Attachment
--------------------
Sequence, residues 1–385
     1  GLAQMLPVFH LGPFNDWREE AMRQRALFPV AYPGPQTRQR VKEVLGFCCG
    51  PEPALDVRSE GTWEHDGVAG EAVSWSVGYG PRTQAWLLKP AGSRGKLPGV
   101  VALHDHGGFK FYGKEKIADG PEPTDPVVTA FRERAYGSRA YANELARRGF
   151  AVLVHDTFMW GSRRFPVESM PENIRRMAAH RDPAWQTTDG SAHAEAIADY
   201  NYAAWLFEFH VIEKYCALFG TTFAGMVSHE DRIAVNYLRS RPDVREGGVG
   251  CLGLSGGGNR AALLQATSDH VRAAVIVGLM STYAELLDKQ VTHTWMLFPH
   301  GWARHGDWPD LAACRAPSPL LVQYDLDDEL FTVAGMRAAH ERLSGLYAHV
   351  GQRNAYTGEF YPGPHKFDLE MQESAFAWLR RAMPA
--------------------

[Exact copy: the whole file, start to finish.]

Sequence, residues 1–385
     1  GLAQMLPVFH LGPFNDWREE AMRQRALFPV AYPGPQTRQR VKEVLGFCCG
    51  PEPALDVRSE GTWEHDGVAG EAVSWSVGYG PRTQAWLLKP AGSRGKLPGV
   101  VALHDHGGFK FYGKEKIADG PEPTDPVVTA FRERAYGSRA YANELARRGF
   151  AVLVHDTFMW GSRRFPVESM PENIRRMAAH RDPAWQTTDG SAHAEAIADY
   201  NYAAWLFEFH VIEKYCALFG TTFAGMVSHE DRIAVNYLRS RPDVREGGVG
   251  CLGLSGGGNR AALLQATSDH VRAAVIVGLM STYAELLDKQ VTHTWMLFPH
   301  GWARHGDWPD LAACRAPSPL LVQYDLDDEL FTVAGMRAAH ERLSGLYAHV
   351  GQRNAYTGEF YPGPHKFDLE MQESAFAWLR RAMPA